It’s summer reading time at the library. I love crowds of kids excited about reading, but it does make it challenging to get anything else done. But waiting patiently in my own review queue, I have a trio of African-based fantasy books.
This is one I’d been hearing about and even promoting since it came out, and was happy to find it available on audio from Overdrive/Libby. When I put it on a poster in the library (What to read after you watch Black Panther), I knew it was time to actually read it myself.
Everfair by Nisi Shawl. Narrated by Allyson Johnson. Tantor Media, 2016.
This is an alternate history of the Congo, which in real life was controlled and horribly abused by Belgium. In 1889, a group of people from super-liberal Fabian Society in England join up rather incongruously with some African-American missionaries and Chinese laborers, where they buy land from Belgium to form a Utopian society in the Congo, which they call Everfair. But the Congo had residents before Belgium invaded, and its king and head queen don’t want any foreigners taking over their land, however well-intentioned they are. The story follows the little country and its characters over the course of decades, as people fall in love and break relationships off, fight battles and survive or not, become more convinced of their faith or gradually shift, and as their own perception of the country they’re trying to make changes. My personal favorites were British Daisy and French Lisette, sometimes living together, sometimes apart, especially as the mixed-race Lisette realizes the depths of Daisy’s unconscious prejudice. Queen Josina, the favorite of the king’s wives, is also a wonderful character.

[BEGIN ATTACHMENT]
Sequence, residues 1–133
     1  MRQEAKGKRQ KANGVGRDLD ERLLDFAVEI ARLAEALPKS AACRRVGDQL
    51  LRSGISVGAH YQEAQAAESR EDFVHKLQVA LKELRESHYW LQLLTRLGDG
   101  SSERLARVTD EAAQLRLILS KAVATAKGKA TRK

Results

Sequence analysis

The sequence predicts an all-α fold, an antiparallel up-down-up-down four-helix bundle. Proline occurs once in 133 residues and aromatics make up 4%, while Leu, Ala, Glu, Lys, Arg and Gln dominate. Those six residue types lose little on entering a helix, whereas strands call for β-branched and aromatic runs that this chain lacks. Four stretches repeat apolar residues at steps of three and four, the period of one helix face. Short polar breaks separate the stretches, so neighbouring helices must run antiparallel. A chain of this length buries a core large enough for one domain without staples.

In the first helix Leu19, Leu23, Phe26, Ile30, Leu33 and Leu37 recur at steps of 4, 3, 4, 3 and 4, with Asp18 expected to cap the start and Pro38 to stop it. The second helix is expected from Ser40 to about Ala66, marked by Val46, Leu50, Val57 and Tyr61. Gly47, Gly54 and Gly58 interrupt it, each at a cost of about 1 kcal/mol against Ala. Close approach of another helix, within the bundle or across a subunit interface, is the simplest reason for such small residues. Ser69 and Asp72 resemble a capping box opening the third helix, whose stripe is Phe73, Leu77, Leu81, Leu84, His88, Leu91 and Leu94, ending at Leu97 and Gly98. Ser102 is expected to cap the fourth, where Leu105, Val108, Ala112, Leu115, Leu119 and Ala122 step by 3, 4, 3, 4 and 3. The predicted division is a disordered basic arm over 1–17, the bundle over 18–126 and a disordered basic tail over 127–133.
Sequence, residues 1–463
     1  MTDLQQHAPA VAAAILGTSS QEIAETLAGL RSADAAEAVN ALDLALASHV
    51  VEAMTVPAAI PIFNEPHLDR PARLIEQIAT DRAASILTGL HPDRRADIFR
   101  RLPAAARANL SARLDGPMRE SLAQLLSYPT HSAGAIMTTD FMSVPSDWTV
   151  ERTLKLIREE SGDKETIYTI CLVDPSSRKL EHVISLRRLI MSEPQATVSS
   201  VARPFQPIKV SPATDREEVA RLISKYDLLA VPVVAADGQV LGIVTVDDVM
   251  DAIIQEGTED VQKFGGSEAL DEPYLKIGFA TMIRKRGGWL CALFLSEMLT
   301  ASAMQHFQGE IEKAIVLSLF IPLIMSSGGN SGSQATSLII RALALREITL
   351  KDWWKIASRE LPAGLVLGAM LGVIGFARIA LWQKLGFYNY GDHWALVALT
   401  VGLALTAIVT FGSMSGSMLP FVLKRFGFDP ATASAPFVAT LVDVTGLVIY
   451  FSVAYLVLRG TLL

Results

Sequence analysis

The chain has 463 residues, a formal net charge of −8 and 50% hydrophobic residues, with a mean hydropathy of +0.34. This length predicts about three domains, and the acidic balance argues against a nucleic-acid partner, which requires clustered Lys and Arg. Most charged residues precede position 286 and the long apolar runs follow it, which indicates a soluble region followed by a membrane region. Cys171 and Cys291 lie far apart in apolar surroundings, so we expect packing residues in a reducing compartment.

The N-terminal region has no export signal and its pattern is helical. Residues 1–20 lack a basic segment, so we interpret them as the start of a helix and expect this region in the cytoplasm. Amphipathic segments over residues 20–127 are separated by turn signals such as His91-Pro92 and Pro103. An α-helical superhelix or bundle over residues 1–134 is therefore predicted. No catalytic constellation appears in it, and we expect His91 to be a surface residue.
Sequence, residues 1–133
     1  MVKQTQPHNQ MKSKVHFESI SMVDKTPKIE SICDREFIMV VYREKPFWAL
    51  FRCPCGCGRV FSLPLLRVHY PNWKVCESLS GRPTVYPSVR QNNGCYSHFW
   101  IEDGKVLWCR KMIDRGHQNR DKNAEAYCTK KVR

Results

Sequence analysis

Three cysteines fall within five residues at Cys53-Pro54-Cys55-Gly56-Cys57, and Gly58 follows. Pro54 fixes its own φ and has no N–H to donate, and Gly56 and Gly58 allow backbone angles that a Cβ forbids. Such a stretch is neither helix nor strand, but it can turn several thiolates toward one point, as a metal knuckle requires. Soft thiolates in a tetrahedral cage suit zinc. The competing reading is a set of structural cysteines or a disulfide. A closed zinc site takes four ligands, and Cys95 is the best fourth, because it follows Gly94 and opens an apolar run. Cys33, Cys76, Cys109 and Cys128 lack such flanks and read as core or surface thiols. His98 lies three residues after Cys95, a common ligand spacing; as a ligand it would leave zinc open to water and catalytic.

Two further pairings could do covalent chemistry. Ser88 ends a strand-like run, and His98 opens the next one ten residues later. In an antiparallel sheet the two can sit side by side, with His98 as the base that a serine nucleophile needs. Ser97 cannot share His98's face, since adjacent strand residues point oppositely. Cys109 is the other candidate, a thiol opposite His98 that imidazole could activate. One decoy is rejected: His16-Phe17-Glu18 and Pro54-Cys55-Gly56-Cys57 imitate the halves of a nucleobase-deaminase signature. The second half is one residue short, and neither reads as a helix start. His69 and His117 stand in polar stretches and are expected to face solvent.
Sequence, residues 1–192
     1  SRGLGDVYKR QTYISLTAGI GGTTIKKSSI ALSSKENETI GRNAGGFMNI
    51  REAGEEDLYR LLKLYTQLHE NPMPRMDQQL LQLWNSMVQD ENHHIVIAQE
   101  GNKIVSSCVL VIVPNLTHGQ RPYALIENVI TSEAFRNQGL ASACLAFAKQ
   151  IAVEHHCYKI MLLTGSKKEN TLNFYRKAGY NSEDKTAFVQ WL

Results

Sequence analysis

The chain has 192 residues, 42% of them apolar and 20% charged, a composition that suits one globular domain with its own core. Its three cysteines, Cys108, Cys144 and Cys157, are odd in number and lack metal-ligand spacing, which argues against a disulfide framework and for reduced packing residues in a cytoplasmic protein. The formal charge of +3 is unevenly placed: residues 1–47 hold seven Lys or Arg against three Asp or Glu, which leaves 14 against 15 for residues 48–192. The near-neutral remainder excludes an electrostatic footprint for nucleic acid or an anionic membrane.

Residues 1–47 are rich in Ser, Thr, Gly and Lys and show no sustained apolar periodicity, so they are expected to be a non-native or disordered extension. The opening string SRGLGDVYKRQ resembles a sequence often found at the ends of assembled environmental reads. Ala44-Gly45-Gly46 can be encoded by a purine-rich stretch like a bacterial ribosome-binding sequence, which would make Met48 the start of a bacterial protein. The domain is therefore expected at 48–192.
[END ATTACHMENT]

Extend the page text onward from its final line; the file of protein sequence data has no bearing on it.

I was glad to have been warned by other reviewers (Maureen at By Singing Light, at least) to expect a story of the country, so that I wasn’t disappointed at how characters come and go in the story. Although it didn’t come up in my original description, there are definite fantasy elements here similar to those in Black Panther. I don’t know if it’s still Afrofuturism, the category I put it in for my display, if it’s set in the past – but it’s cool all the same. Allyson Johnson does a fine job reading, narrating with an American accent but giving all the characters appropriate accents, including African, British, French, Irish, and various Americans. The only place she faltered was with a German who had only a sentence or two, so I forgive her. Overall, this is a compelling and thought-provoking book.
Nnedi Okorafor has been my go-to author for African fantasy for about a decade now, though I hear N.K. Jemison is fabulous, too. Stay tuned for more if the summer reading hordes allow, and share your favorite authors!